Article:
This is hilarious. At least, I thought it was…
How about you? What’s your reaction?
Asides from your name, how do you describe yourself? [Or a funny way to describe yourself?]
Since I agree that we live and/or quickly moving towards a post-christian, post-modern, post-denominational, and post-western world, these labels seem awkward. But then again, we all like our labels, categories, and compartments, don’t we?
“Eugene might be a post-evangelical, neo-calvinist, quasi-monastic, emerging covenant, with an Asian charismatic, urban, hip-hop, 3rd culture influence…”
33 Replies to “huh? who are you?”
I love it!
I suppose if you really wanted to know my heart I’d have to say I’m a post-evangelical, neo-reformist, meta-emergent-anthropochristianist, praeter-baptist, über-programmer, super-choco-holic, maybe-worka-frolic, slow-meta-bolic, where’d-I-leave-my-wallet?, jesus-lent-a-dollar, so-I-said-I’d-foller’, extra-confused-seattleite.
But ‘Jack’ has been working pretty well lately.
On the cover of Brian McLaren’s book, A Generous Orthodoxy, he describes himself as a missional, evangelical, post/protestant, liberal/conservative, mystical/poetic, biblical, charismatic/contemplative, fundamentalist/calvinist, anabaptist/anglican, methodist, catholic, green, incarnational, depressed-yet-hopeful, emergent, unfinished Christian.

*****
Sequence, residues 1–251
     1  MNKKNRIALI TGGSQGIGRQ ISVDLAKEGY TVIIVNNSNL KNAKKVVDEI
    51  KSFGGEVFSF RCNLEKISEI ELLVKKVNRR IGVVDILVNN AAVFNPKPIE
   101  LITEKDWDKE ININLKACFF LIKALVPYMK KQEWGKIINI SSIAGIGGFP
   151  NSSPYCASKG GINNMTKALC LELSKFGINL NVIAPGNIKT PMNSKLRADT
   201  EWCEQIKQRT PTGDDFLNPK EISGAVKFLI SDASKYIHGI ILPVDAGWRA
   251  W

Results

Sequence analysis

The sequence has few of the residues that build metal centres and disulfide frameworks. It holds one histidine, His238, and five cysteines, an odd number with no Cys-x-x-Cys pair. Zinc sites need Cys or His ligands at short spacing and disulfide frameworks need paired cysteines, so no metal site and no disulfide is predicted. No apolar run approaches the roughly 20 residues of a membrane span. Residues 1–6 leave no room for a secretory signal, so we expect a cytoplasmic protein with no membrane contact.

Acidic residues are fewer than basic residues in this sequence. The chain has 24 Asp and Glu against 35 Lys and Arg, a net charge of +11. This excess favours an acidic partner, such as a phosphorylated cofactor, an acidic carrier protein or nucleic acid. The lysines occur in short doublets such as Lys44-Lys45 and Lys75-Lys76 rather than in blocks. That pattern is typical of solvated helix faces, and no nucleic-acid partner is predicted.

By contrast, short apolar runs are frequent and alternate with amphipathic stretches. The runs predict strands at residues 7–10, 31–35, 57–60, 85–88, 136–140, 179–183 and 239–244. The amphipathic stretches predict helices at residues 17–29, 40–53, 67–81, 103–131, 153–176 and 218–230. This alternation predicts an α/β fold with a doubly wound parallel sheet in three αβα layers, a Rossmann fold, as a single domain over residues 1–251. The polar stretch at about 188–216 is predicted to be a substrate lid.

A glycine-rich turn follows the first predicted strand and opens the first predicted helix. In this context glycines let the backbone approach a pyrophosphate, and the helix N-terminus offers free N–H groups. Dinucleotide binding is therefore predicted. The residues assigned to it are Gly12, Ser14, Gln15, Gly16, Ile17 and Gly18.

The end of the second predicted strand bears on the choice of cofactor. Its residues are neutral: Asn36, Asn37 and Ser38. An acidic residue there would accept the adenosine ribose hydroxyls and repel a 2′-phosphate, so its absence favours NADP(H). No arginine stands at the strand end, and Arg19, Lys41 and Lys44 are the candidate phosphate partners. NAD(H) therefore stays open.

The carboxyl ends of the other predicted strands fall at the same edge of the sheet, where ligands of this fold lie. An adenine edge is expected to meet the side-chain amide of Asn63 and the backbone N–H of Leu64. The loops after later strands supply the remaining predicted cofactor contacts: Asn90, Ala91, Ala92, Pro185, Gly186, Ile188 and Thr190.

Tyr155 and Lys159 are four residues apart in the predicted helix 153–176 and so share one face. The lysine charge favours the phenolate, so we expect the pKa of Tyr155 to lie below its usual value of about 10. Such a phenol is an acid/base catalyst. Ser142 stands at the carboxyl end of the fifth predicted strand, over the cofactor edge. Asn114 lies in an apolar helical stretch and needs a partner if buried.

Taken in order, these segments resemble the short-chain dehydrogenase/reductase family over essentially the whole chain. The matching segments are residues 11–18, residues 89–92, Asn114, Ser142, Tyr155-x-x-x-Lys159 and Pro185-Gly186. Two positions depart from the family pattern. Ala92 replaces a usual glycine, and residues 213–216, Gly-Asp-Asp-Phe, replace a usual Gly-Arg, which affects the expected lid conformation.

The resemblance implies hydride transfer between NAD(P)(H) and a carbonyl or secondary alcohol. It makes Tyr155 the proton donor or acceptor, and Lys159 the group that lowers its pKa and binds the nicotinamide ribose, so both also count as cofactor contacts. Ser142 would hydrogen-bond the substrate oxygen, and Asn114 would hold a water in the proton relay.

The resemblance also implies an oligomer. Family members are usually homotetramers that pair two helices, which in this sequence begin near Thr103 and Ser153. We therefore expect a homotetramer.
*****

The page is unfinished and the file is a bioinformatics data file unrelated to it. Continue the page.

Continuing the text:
I just call myself an extreme moderate.
Hmmm … I wonder what would Jesus call himself in our culture, and what the rest of the world where more than 70% of believers live, work and practice their faith think about what we call ourselves. In Acts, they were called disciples of Jesus, people of the Way, and then simply Christians. Why can’t it be that simple. Let our faith show who we are by how we live our lives. That’s what the world cares about most, I think. And that’s what God really cares about, I believe, as I read and reflect on His words to the seven churches in the book of Revelation.
if only every conversation could start that way…it would save me a lot of time.
Interesting line of thought. I find my self a mix of am’s and am not’s…with very few posts or neo’s (since have little to be post and neo about):
I am a zero point Calvinist, but I am not an Armenian. I am a skeptical, passionate, assured and oft times agnostic follower of Jesus. I am an anti-establishment builder of systems, slightly emergent, mostly Celtic, philosopher. I am not a theologian since I prefer questions over answers. I am Hero’s fan and hate 24, Lost fan yet not an Alias watcher. I’m a Trekie and Star Wars nerd alike.
I am church planter and also not so much.
Mostly, though I am Jason, and I am as confuse about myself as I am assured of who I am.
(I also love paradox and inherent self-contradictions)
Post dinner. Quasi-sleepy. Neapolitan ice cream. Emerging mid section. Ambivalent about my choices.
And that’s just tonight watching tv.
I am an angry asian man.
1. My reaction is I just did what this cartoon character did…on my blog that is! On a serous level, labels are ‘good’ to an extent in showing where you are coming from but the not so good thing about labels is when we define ourselves too much by it.
2. This is how i would introduce myself- Jonathan, an ‘ordinary radical’ ;). But truth be told we never introduce ourselves by labels. At least I know I dont do that! haha
HELP! It’s the fruits of postmodernist nominalism! (And I’m not talking attack of the Killer Tomatoes.)